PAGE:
Hyderabad: The global urban population is estimated to be 6.3 billion by 2050, nearly doubling the 3.5 billion urban dwellers worldwide in 2010, posing a challenge in management of biodiversity, says a report by Convention on Biological Diversity.
"More than 60 percent of the area projected to be urban has yet to be built. Most of this growth is expected to happen in small and medium-sized cities, not in mega cities," said the report.
The report 'cities and biodiversity outlook' was released on Monday during 'cities for life', a city and subnational biodiversity summit, organised in parallel to the ongoing 11th meeting of the Conference of Parties (COP11) to the Convention on Biodiversity (CBD).
Mayors, governors and other officials from 90 cities, including 50 international cities are attending the two-day summit, to share their experiences and to discuss an action plan for reducing biodiversity loss.
Braulio Dias, executive secretary, CBD, called upon the subnational and local governments to draw an action plan and take steps to implement it for achieving the global biodiversity targets by 2020.
"The urban expansion will heavily draw on natural resources, including water, on a global scale, and will often consume prime agricultural land, with knock-on effects on biodiversity and ecosystem services elsewhere," said the report. It found that Africa was urbanising faster than any other continent. The overall urban population in 55 nations of Africa is expected to more than double from 300 million in 2000 to 750 million in 2030. The rate of increase in urban land cover is predicted to be the highest in any region in the world: 700 percent over the period 2000-2030.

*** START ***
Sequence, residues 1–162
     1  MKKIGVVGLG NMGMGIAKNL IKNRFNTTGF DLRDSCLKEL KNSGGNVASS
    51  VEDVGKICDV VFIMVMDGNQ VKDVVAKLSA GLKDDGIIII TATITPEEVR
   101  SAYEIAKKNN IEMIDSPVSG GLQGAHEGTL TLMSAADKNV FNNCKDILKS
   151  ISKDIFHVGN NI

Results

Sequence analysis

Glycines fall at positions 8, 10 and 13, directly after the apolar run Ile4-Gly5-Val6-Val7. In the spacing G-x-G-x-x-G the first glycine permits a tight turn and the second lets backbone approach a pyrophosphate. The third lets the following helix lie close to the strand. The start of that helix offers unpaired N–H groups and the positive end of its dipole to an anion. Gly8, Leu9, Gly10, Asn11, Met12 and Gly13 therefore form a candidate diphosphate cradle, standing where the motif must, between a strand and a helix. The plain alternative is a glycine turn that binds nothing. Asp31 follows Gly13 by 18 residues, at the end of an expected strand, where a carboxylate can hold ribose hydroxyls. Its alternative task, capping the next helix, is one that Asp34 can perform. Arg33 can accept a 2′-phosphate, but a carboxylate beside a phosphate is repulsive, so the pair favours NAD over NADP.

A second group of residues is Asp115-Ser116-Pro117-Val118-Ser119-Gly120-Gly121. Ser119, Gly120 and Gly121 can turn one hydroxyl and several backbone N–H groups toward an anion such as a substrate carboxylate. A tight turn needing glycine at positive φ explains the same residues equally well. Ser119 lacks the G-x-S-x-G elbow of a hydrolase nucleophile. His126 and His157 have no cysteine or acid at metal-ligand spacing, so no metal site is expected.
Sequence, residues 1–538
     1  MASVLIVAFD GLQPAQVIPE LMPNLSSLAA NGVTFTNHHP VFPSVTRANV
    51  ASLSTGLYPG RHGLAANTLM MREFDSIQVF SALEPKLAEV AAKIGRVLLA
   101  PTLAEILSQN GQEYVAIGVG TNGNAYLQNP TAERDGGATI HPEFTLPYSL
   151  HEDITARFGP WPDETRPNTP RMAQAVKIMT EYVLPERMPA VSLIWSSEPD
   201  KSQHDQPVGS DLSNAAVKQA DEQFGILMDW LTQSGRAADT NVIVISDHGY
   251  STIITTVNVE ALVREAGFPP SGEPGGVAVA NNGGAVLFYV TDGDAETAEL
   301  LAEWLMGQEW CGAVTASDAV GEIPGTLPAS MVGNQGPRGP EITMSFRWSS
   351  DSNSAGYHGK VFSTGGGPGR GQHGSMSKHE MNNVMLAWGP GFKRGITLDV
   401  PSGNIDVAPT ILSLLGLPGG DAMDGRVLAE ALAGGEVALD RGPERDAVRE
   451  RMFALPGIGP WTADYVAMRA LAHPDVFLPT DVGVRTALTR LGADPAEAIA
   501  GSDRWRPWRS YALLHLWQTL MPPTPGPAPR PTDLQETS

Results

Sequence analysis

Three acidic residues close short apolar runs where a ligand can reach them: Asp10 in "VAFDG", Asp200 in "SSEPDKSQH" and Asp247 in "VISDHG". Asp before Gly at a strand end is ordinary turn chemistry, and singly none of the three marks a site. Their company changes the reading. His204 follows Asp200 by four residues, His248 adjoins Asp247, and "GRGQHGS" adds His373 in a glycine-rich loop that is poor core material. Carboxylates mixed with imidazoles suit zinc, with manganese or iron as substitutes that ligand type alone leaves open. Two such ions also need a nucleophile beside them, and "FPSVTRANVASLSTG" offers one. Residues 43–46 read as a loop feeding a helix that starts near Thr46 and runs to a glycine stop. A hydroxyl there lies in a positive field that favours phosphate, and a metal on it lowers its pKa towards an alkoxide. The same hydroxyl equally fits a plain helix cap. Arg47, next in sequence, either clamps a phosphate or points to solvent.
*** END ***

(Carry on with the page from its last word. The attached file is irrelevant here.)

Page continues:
Referring to Asia, home to 60 percent of the world's population, the report said there were large variations in the region with regard to urbanisation levels and urban growth rates.
The urbanisation rate in China will be slower in the next three decades, compared with the last three decades as the urban expansion is moving from the coastal areas to the interior. By 2030, China's urban population is expected to exceed 900 million, an increase of more than 300 million from today.
More than 80 percent of the population in Latin America lives in cities, and by 2050 it is expected to reach 90 percent, thus making it the most urbanised of all world regions.
With 10 key messages, the report highlights how urban planners, engineers, architects, policy-makers, politicians, scientists, and citizens alike can take on the challenges of reducing the loss of biodiversity.
The CBD believes that urbanisation is both a challenge and an opportunity to manage ecosystem services globally. Giving examples of various cities including that of Kolkata and Mumbai, the report explained how rich biodiversity can exist in cities. It made a mention of Sanjay Gandhi National Park of Mumbai.
The report suggested that cities can identify habitats that used to exist locally and restore them.
One of the messages highlighted in the report is that maintaining functioning urban ecosystems can significantly improve human health and well-being, urban ecosystem services and biodiversity can help contribute to climate change mitigation and adaptation and increasing the biodiversity of urban food systems can enhance food and nutrition security.
The report called for integrating ecosystem services in urban policy and planning. It pointed out that cities offer unique opportunities for learning and education about a resilient and sustainable future.
"Cities have large potential to generate innovations and governance tools and therefore can - and must- take the lead in sustainable development," says the report.